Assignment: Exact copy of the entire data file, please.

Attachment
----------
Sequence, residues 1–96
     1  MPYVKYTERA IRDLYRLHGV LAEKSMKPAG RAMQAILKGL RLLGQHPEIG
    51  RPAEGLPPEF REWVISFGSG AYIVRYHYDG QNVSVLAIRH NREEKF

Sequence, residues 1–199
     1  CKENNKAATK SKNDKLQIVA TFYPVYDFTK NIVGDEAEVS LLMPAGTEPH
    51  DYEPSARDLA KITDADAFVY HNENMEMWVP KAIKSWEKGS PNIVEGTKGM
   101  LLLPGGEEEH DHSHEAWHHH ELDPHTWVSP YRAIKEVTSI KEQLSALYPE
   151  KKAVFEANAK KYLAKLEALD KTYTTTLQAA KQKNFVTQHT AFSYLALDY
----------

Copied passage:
Sequence, residues 1–96
     1  MPYVKYTERA IRDLYRLHGV LAEKSMKPAG RAMQAILKGL RLLGQHPEIG
    51  RPAEGLPPEF REWVISFGSG AYIVRYHYDG QNVSVLAIRH NREEKF

Sequence, residues 1–199
     1  CKENNKAATK SKNDKLQIVA TFYPVYDFTK NIVGDEAEVS LLMPAGTEPH
    51  DYEPSARDLA KITDADAFVY HNENMEMWVP KAIKSWEKGS PNIVEGTKGM
   101  LLLPGGEEEH DHSHEAWHHH ELDPHTWVSP YRAIKEVTSI KEQLSALYPE
   151  KKAVFEANAK KYLAKLEALD KTYTTTLQAA KQKNFVTQHT AFSYLALDY